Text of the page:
5 Signs Your Parent May Have ALS
ALS stands for amyotrophic lateral sclerosis. It’s a neurodegenerative disease that kills nerve cells, affecting the person’s ability to control muscle movement. The disease has no cure. However, when it is diagnosed early, it gives doctors a chance to offer treatments that can keep muscles working longer. It can be a difficult disease to diagnose because some of the symptoms mimic those of other diseases. Knowing what to look for can ensure your elderly parent gets treatment as early on in the disease as possible. Below are 5 signs that your parent could have ALS.
#1: Changes in Hand Coordination
One of the early signs of ALS is hands becoming clumsy and weak. Your parent may drop things more often than they once did. Perhaps you’ll notice their coffee cup slipping from their hand and crashing to the floor. They may also have trouble manipulating small objects that never gave them trouble before. For example, if your mom sews, she might not be able to put pins in the fabric anymore.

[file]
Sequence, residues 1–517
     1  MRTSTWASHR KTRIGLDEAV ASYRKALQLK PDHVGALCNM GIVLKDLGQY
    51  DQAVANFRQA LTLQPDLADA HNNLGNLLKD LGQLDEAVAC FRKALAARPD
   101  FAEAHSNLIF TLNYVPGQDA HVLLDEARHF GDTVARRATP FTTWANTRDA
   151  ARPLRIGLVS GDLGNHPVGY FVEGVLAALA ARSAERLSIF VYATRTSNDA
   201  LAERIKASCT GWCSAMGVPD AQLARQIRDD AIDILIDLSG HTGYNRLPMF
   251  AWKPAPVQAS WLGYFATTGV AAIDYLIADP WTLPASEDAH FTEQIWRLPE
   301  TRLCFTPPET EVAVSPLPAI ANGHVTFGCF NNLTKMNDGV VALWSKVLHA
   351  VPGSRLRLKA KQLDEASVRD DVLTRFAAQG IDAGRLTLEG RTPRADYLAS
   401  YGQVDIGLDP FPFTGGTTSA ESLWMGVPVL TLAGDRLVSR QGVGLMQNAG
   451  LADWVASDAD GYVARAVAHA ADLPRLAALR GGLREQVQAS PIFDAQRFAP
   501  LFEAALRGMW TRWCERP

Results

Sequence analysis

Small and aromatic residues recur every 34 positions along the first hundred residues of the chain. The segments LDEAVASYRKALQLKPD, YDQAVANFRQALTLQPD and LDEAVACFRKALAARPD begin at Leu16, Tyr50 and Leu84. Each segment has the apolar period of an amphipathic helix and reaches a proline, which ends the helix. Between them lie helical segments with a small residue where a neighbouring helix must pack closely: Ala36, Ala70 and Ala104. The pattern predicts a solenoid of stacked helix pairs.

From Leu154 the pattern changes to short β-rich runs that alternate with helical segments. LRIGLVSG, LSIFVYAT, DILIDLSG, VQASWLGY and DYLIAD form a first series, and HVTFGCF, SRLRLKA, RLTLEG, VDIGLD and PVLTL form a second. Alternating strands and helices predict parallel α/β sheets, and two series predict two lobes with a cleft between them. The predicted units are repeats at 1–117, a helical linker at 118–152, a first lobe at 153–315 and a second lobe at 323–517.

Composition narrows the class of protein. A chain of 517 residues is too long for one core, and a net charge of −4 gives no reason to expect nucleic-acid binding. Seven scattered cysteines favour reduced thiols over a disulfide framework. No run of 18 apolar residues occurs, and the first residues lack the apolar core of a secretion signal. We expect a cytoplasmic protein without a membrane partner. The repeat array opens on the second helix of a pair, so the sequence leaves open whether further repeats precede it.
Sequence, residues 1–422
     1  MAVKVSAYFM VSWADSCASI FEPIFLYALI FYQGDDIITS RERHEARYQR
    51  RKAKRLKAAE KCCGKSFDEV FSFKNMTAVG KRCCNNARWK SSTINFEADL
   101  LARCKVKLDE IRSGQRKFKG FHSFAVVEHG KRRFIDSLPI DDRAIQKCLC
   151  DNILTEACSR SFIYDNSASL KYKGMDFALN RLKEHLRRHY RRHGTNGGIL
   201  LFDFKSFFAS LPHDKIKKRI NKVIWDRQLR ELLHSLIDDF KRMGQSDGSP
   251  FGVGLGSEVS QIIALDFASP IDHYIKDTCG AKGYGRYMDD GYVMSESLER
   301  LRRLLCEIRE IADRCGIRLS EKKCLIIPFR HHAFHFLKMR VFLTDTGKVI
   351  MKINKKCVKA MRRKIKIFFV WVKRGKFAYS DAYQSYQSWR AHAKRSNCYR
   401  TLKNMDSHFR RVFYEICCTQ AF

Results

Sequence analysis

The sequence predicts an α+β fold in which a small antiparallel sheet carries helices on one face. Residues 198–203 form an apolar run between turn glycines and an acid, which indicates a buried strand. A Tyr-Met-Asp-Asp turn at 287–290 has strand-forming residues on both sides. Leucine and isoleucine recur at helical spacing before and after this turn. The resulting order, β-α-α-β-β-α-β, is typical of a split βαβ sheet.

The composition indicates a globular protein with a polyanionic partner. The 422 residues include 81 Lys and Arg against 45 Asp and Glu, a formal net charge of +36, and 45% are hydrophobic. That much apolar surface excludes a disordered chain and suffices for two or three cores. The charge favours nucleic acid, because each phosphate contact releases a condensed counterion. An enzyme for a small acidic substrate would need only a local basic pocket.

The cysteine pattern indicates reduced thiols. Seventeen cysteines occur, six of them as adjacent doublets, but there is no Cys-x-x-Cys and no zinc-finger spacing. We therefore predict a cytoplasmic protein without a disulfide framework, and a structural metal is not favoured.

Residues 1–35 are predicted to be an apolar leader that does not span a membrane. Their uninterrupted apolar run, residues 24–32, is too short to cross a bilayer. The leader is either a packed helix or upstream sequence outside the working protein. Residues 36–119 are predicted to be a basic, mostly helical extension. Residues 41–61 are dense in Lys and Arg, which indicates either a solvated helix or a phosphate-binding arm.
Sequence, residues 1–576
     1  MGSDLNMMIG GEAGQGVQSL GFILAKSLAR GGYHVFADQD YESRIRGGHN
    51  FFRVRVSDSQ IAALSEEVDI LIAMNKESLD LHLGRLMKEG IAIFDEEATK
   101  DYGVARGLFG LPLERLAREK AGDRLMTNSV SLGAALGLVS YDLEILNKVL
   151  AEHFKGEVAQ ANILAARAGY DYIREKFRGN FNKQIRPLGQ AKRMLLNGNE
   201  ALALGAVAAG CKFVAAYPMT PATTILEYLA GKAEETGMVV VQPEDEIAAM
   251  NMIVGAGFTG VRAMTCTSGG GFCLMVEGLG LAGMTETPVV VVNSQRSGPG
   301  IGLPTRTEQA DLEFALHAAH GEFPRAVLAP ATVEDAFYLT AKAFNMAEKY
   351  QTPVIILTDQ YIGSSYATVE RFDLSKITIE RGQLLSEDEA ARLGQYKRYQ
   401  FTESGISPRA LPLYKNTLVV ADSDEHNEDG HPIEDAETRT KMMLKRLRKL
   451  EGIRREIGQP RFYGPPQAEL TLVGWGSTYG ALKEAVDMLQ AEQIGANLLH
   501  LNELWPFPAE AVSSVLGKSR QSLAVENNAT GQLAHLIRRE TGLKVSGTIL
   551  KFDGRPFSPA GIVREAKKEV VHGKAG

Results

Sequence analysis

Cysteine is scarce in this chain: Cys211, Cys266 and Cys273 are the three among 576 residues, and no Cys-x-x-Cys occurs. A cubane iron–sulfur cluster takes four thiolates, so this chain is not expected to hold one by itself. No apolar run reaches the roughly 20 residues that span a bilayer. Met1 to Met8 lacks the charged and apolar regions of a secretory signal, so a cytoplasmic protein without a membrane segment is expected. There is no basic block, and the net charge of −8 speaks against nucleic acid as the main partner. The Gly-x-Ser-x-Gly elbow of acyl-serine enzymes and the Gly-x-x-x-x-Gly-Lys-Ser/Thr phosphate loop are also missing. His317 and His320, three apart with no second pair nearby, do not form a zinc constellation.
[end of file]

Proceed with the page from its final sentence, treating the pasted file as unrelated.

#2: Speech Changes and Swallowing Problems
Your parent’s speech may change because of weakened muscles in the tongue and throat. Speech may be slurred. Changes to these muscles can also make swallowing difficult, so you might notice them avoiding certain foods, struggling to swallow, or choking frequently.
When leg muscles start to get weak, your parent will start to have trouble picking their feet up. This may cause a toe to drag, which makes them trip seemingly over nothing. They might even fall.
#4: Muscle Cramps
Though most people don’t associate pain with ALS, it can actually cause painful muscle cramps. In the early stages, cramps typically occur in tongue, shoulders, and arms. They might also experience muscle twitches.
#5: Bad Posture
Loss of muscle tone in the back and torso can make it hard to sit or stand up straight. They could also have problems holding their head up.
If you're aging relative has ALS, elder care can assist with their care. During the early stages, an elder care provider can allow them to remain as independent as possible, but step in to help when they need it. As the disease worsens, the elder care provider can do more, such as cooking meals and cleaning the house. In addition, an elder care provider can help with personal care, such as transferring the senior to and from their wheelchair, dressing, bathing, and using the toilet.